Poland's Jews: A tragic history
- 19 April 2013
- From the section Europe
Poland is marking the 70th anniversary of the Warsaw Ghetto Uprising on Friday, one of the most remarkable acts of resistance in World War II, a period when the almost 1,000-year-old history of Polish-Jewish relations underwent its most severe test.
How Poles and Jews behaved toward each other during 1939-1945 is still being evaluated and remains highly provocative here.
This was clearly seen last November with the premiere of the movie Poklosie ("Aftermath"), a fictional thriller that told the story of a Polish man who returns to his hometown and discovers a dark secret about its past.
During the war, at the instigation of the Nazis, local people, including his own father, rounded up the town's Jews, locked them in a building and set it on fire.
In the last 10 years or so it has become widely known that massacres like this actually happened in several Polish towns, most notably in Jedwabne, north-eastern Poland, where Poles at the instigation of the Nazis murdered more than 300 Jews.
Some right-wing critics and politicians branded the movie "anti-Polish", arguing that it paints a false picture of Poles as collaborators with Nazi Germany.
The history of Polish-Jewish relations is also controversial because there is a perception among some Poles that Jews in the eastern part of the country welcomed the Red Army and collaborated with the Soviet occupation forces.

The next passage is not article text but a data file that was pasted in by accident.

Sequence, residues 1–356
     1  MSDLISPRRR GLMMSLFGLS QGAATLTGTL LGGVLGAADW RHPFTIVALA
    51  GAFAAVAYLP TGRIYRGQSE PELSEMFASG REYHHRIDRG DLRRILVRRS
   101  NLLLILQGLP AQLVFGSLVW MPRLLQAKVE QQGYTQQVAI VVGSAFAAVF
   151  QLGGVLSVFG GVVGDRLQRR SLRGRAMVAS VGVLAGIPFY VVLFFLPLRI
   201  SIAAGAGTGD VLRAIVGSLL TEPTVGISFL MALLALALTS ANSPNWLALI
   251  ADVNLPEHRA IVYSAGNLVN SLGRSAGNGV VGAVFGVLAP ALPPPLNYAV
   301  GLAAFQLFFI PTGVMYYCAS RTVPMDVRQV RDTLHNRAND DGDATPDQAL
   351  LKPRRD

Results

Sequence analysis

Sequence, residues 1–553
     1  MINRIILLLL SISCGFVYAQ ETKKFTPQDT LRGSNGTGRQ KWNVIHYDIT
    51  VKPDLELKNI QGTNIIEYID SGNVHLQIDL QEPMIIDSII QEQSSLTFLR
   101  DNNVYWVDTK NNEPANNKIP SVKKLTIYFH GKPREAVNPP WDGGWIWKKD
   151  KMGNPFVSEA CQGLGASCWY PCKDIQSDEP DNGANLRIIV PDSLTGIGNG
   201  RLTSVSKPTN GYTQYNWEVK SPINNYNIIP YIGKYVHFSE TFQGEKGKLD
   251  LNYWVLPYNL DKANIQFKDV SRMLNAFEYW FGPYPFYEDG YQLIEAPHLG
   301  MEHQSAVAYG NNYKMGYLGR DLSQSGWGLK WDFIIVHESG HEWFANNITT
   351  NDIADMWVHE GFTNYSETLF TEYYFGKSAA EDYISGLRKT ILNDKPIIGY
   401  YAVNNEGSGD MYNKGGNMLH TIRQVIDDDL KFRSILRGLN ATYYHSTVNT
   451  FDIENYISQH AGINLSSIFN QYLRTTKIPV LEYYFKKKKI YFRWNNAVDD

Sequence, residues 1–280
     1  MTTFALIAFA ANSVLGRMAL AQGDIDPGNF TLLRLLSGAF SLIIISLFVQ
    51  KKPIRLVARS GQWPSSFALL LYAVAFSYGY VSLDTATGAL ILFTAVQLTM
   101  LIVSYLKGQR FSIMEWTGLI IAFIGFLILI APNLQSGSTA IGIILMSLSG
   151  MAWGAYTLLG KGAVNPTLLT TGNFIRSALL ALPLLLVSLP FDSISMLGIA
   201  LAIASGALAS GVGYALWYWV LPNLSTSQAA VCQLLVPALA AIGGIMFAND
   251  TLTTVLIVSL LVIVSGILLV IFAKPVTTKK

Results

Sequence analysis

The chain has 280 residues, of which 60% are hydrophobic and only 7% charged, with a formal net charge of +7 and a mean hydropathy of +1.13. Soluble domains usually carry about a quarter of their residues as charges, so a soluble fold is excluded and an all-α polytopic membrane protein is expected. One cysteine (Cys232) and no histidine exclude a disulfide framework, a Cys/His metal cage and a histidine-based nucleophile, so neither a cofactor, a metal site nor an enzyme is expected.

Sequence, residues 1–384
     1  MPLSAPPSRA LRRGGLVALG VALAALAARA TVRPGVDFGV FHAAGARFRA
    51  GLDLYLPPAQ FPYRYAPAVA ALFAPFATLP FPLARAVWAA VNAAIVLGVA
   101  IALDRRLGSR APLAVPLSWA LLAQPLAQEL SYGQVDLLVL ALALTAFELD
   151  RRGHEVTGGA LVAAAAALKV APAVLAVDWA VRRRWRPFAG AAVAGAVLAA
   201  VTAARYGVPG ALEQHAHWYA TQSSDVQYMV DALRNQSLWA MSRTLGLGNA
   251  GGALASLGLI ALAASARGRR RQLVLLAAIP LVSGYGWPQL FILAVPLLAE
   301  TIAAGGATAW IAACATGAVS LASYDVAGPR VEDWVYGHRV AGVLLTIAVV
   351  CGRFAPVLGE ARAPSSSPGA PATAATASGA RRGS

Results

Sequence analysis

The film's lead actor, Maciej Stuhr, was called a "Polish traitor", a "Jew" and "Adolf Hitler" on Internet forums. Its producer, Dariusz Jablonski, said he made the movie because he believes film is a good platform to raise this issue, especially with younger people.
"During communist times we were told that Poles were always the noble knights of the Second World War. We were either victims or we fought against the Nazi occupation and were saving Jews.
"As in the life of any family, society or nation there are black holes along with the positive stories. This was our black hole. The discussion the film caused revealed how much still needs to be done," Mr Jablonski told me.
Poland did indeed suffer horribly from not one but two brutal occupations, Nazi and Soviet, during the war. More than five million of its citizens, three million of them Jews, were killed.
About as many Poles were killed in the bombing of Warsaw in 1939 as Germans killed in the bombing of Dresden in 1945.
Added to this is the fact that many more Poles are honoured by Israel for saving the lives of Jews during the war than any other nation.
After communism collapsed in 1989, academics were free to research the brutal reality of this war-time period, when the occupying Nazis induced Poles to give up Jews and forbade them to help their Jewish neighbours on pain of death.
The debate was blown open in 2001 with the publication of the book Neighbours by Polish emigre professor Jan Gross, which discussed Jedwabne.
"It unleashed an incredible national discussion. It went on for about a year. Almost every day there was something in the newspapers, journals, magazines, radio and TV.